To begin, let’s review the definitions of these two words (according to Google):

Security – The state of being free from danger or threat

Privacy – The state or condition of being free from being observed or disturbed by other people

Of all the conversations and dialogue about PRISM, none have concentrated on the security measures in place at companies like Google, Facebook, Amazon, Apple, Verizon, and others. Why you might ask? Because this was not a breach of security. No one hacked into their systems. No one confiscated passwords. Rather – according to reports – these companies willingly complied. [Note: It would be appropriate to draw attention to NSA's security breach in light of Eric Snowden's ability to access and confiscate these documents.]

If the world were oriented around privacy, the ability for a 3rd party provider of web-based services (such as Google or Facebook or Dropbox or SpiderOak) to access the plaintext data is removed. In other words, privacy takes away the ability to access the data in a meaningful way such that it cannot be supplied to government agencies or stolen under the threat of hackers.

We are not now nor have we ever suggested that there isn’t a need for security; in fact, security is absolutely critical. And for many implementations of  various services, privacy is not applicable. However – in the world of conversation and creation of personally owned content from photos to chat to calls to spreadsheets to documents – privacy is absolutely a critical component that can be achieved.

My hope is that we – as a society – will now start asking the question: Why? Why do companies have access to my photos and documents and chat conversations? Is it a necessary part of the service they are offering? A convenience for me?If yes, what are these companies doing to keep my data private? And are there alternatives if I do want real privacy? From the NSA? From the company? From anyone?

This dialogue is critical and I am very glad to see the word ‘privacy’ start to weave its way into conversations. Further, that the public is being educated on the important difference between privacy and security and – hopefully – we all can start making choices accordingly.

For more information on this topic, please visit ZeroKnowledgePrivacy.org and/or watch the explainers below on Privacy VS. Security and the important role of the Privacy Policy .

Privacy Roundup: PRISM Special Edition

May has rolled into June and summer is fast approaching. Originally I had planned for this privacy update to be another collection of somewhat random links regarding the world of security and privacy. And then… We had Thursday. And then PRISM. And it seemed only right to gather as much information, opinion and material as possible around PRISM and make it available to our readers.

But what is PRISM?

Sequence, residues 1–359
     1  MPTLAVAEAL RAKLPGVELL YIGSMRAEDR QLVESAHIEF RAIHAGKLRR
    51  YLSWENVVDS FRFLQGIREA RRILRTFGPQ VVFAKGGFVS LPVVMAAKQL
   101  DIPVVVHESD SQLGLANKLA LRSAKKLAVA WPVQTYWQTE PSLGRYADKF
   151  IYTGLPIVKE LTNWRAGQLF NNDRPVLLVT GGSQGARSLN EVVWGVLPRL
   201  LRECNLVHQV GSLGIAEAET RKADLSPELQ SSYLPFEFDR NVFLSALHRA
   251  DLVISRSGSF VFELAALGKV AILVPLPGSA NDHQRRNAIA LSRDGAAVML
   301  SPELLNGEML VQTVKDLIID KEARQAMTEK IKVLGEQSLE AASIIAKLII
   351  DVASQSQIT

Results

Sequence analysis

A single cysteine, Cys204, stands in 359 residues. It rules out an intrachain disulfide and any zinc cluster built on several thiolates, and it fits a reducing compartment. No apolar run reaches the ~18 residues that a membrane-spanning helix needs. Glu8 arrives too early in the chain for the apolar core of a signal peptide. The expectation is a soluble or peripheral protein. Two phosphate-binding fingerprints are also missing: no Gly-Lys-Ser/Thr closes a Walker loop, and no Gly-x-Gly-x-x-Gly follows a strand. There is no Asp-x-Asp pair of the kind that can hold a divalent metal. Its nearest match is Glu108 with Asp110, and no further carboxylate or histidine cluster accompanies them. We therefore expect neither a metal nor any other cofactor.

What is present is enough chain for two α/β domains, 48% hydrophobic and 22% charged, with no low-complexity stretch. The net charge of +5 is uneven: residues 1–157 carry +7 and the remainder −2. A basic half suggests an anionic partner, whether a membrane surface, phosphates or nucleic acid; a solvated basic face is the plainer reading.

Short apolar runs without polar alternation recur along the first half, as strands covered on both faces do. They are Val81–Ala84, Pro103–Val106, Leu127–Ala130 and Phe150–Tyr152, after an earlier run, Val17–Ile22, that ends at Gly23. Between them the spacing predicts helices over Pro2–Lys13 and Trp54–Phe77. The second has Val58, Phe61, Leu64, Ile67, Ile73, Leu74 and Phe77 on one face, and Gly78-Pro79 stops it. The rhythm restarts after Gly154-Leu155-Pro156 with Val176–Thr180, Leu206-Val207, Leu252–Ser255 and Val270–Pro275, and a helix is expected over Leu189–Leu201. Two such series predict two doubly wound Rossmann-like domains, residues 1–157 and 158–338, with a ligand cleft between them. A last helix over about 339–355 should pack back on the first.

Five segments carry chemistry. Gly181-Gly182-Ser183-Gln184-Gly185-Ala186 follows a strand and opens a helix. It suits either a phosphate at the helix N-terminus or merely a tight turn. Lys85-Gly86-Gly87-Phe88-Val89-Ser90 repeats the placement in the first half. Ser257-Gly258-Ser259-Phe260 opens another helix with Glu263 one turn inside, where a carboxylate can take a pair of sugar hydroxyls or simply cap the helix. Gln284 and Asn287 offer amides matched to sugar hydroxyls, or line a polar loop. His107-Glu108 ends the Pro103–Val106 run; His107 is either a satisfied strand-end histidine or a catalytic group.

This far in, all anyone can tell for sure is that PRISM is the name of a data collection model and technology solution that improves speed and simplicity in allowing NSA and possibly other US agencies to access user data from a large number of the worlds most popular online services. (Including Google, Skype, Microsoft, Facebook etc.)

It seems the program in itself actually does not introduce any new laws, or even break any current ones. What it does however is enables a more effective way for the NSA to request and receive private user data. And of course, this makes it ripe for speculation as to what this ‘new’ stream lined procurement process is being used for and how.

One of the most informative posts as to the model, use, and participants ironically enough comes from the NSA themselves (via Washington Post) and can be found here:

NSA slides explain the PRISM data-collection program

If you desire to dig a bit deeper into PRISM, what people are saying / thinking, and what companies may or may not have been directly involved, here are a collection of what we found to be the most informative links on the subject from the last several days:

Though we will be elaborating on the PRISM program in relation to SpiderOak in a separate blog post,  I can say definitively that our users’ data is encrypted client-side, uploaded, and stored in its fully encrypted state which means we  are never able to view plaintext user content under any circumstances. In short, PRISM would be wholly and entirely useless in the SpiderOak context. 

To Note: We also have yet to even be contacted by any agency regarding the program – surely a result of our ‘Zero-Knowledge’ privacy environment. After all, encrypted data is rather useless for conducting data mining activity.

In light of recent news and the topic for this special roundup I think it’s only fitting we sign off with this quote of the week:

He who controls the past controls the future. He who controls the present controls the past.” – George Orwell in 1984